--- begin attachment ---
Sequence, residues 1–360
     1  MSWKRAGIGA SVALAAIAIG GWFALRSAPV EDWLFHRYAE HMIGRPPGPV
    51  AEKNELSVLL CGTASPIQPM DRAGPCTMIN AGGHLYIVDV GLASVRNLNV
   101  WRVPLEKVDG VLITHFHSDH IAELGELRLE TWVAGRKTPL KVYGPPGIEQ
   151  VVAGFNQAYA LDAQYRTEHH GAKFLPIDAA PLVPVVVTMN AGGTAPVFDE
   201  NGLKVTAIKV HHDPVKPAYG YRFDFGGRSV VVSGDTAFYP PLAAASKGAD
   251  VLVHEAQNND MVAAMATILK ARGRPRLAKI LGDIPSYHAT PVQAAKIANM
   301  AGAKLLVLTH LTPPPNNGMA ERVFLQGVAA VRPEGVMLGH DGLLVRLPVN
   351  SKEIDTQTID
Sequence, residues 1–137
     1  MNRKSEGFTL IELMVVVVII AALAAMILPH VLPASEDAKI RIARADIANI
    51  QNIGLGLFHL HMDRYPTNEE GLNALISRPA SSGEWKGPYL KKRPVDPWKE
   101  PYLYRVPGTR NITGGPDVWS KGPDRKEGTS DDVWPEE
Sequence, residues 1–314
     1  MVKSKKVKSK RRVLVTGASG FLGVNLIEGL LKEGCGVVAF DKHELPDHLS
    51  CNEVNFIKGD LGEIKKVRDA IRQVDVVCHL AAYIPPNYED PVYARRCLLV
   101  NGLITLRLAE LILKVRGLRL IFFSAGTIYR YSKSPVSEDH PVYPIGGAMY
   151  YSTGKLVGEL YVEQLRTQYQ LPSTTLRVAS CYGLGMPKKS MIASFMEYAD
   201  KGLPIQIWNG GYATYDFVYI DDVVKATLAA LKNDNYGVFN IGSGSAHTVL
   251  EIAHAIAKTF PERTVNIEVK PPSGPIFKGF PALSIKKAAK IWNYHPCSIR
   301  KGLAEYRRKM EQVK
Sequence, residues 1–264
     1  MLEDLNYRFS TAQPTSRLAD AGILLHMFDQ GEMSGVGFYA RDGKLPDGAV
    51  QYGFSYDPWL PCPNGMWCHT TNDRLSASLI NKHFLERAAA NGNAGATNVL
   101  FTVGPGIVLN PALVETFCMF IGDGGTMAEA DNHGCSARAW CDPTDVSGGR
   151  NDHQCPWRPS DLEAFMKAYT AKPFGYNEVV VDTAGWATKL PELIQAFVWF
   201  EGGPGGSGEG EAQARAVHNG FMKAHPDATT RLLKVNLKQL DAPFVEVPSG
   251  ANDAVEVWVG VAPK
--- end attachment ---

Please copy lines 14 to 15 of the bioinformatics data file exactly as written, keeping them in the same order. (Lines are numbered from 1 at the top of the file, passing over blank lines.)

Sequence, residues 1–314
     1  MVKSKKVKSK RRVLVTGASG FLGVNLIEGL LKEGCGVVAF DKHELPDHLS